HC Deb 09 July 1979 vol 970 cc3-5
2. Mr. Meacher

asked the Secretary of State for Energy when he expects to attend an EEC Energy Council.

19. Mr. John Evans

asked the Secretary of State for Energy when he expects next to met the European Economic Community Energy Ministers.

The Secretary of State for Energy (Mr. David Howell)

I expect to meet other EEC Energy Ministers at the next meeting of the Energy Council, which is due to take place this autumn under the Irish presidency.

Mr. Meacher

What action are the Government taking to oppose the Commission's declared intention to abolish the offshore supplies interest relief grant scheme? Does the right hon. Gentleman accept that including EEC sub-contractor components would completely contravene the national interest criteria of our own legislation? Or does he intend tamely to accept this unwarrantable intrusion into British industrial policy which will cost this country tens of thousands of jobs?

Mr. Howell

I am not sure that I accept the rather extravagant estimates of the hon. Gentleman. He has perhaps missed the statement made by the Government. It is our intention, at the end of next March, to end the IRG scheme. That has been announced. The Commission has been informed of our decision. I do not know its views on the matter.

Mr. Evans

Will the Secretary of State discuss with his European colleagues the impact of oil price rises on the EEC's economy? Will he suggest to them that the OPEC countries might be more concerned or more determined in their attitudes if countries such as Britain stopped increasing tax, such as VAT, on petrol and petroleum products?

Mr. Howell

We discussed these matters at the Energy Council. To reduce the tax on petroleum products and on petrol would encourage further consumption. A major aim of policy must be to pull back consumption in order to take the tightness out of world markets and to stop huge profits from being transferred to the Arab OPEC monopoly. That is surely what the hon. Gentleman wants. It makes sense to keep on this tax.

Mr. John H. Osborn

Is my right hon. Friend aware that he is a welcome member of the Energy Council instead of his predecessor? What support will he give to Commissioner Brunner and others to impose a reasonable policy on the United States of America?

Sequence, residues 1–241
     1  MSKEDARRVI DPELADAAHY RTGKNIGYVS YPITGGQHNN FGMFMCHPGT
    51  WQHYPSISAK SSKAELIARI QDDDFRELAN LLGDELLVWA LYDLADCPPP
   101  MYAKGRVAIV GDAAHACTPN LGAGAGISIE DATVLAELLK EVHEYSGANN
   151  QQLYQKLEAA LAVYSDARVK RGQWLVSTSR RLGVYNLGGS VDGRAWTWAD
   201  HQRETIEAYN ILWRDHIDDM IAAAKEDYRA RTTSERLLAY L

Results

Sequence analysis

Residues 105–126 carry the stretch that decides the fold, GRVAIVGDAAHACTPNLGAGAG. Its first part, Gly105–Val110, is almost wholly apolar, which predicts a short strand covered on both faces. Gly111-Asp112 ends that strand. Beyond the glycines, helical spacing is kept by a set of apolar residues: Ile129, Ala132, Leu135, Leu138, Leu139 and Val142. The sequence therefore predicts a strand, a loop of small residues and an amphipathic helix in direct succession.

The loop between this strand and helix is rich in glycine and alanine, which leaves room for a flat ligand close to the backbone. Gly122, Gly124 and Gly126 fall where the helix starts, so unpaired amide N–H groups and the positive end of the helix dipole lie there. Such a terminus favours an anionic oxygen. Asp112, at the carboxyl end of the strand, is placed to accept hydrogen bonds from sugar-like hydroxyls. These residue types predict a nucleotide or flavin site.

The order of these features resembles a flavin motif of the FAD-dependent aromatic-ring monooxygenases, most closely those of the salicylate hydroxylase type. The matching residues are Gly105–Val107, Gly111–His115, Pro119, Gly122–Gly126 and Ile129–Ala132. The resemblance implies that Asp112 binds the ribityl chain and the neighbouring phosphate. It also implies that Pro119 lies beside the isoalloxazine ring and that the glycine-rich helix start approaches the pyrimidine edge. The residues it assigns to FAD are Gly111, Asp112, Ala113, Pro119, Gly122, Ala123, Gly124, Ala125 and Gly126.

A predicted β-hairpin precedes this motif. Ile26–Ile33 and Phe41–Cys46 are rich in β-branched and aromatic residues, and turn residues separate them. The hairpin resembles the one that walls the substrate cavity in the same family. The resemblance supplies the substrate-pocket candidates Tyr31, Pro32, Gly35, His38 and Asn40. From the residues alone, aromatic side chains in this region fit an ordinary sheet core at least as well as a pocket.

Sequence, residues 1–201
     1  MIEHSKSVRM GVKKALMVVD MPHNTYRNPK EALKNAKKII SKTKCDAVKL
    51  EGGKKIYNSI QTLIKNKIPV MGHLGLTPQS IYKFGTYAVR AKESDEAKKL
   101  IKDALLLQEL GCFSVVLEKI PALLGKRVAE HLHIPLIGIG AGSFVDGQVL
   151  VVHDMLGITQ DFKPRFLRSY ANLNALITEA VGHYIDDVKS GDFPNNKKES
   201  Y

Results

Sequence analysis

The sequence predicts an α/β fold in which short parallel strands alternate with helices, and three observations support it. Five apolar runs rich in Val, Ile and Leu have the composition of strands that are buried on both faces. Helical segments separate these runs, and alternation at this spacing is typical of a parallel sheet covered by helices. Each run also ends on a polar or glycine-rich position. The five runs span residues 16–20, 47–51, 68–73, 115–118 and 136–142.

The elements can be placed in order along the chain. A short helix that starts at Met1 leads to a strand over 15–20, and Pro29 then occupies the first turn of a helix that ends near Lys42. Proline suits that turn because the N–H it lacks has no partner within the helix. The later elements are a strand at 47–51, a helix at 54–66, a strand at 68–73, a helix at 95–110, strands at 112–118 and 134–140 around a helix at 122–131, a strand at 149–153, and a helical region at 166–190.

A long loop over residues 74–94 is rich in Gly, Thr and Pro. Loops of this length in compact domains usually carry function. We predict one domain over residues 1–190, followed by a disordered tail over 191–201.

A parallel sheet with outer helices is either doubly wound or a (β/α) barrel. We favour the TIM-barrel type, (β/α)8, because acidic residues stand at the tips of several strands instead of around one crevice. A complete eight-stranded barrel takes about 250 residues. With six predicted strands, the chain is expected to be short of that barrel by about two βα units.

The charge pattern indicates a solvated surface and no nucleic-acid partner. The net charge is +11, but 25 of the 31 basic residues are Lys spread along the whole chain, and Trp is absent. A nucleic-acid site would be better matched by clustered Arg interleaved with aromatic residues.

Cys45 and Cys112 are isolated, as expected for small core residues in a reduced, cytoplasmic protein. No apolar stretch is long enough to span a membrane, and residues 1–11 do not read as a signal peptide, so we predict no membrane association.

Mr. Howell

I am grateful to my hon. Friend. I have talked with Commissioner Brunner and I have seen him recently. We must all support and encourage sensible measures which will enable the United States to make its contribution, through restrained demand and sensible pricing policies, to relieve the tight situation in world oil supplies that we now face.

Mr. Robert Hughes

Has the right hon. Gentleman received any assurances from our EEC partners that they will end export credit facilities for their oil-producing and manufacturing industry? If so, what machinery has he set up to monitor these assurances?

Mr. Howell

I have had no hard evidence on the kind of arrangements that the hon. Gentleman suggests, and obviously I have looked at these matters carefully in the light of our policies and decisions in this country. I am determined that we should pursue our own national interest. I came to the firm conclusion that the IRG arrangement was poor value for money, although we set it up in 1973, that it had now fulfilled its purpose, and that the sensible aim for British industrial policy was to phase it out next March. That is what we have done and what we intend to do next March.

Mr. Adley

Will my right hon. Friend take the earliest opportunity to raise with his colleagues and with the Commission the need for the closest possible harmonisation with our EEC partners of the control of oil pollution?

Mr. Howell

Yes, I shall be glad to do so.